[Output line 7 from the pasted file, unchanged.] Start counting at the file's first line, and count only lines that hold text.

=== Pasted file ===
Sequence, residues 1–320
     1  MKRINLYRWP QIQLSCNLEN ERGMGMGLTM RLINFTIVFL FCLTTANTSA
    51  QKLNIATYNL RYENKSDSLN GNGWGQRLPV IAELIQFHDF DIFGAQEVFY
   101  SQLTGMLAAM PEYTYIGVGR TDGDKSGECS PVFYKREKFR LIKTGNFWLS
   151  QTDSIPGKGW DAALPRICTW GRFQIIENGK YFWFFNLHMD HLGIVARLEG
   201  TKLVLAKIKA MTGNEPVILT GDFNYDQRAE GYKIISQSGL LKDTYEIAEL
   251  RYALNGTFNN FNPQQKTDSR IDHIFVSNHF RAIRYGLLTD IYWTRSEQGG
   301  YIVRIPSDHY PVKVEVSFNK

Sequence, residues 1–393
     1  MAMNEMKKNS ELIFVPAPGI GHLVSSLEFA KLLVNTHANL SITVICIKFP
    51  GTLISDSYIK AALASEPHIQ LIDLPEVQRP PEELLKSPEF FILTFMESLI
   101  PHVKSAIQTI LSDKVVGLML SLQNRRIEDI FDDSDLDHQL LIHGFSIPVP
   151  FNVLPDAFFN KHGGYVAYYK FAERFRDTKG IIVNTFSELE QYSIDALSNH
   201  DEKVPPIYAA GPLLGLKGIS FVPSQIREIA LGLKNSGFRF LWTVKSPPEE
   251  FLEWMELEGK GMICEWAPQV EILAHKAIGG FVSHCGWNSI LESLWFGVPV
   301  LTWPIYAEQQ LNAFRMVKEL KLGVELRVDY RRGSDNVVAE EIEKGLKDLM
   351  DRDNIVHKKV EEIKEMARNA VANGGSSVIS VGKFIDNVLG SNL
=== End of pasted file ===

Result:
   251  RYALNGTFNN FNPQQKTDSR IDHIFVSNHF RAIRYGLLTD IYWTRSEQGG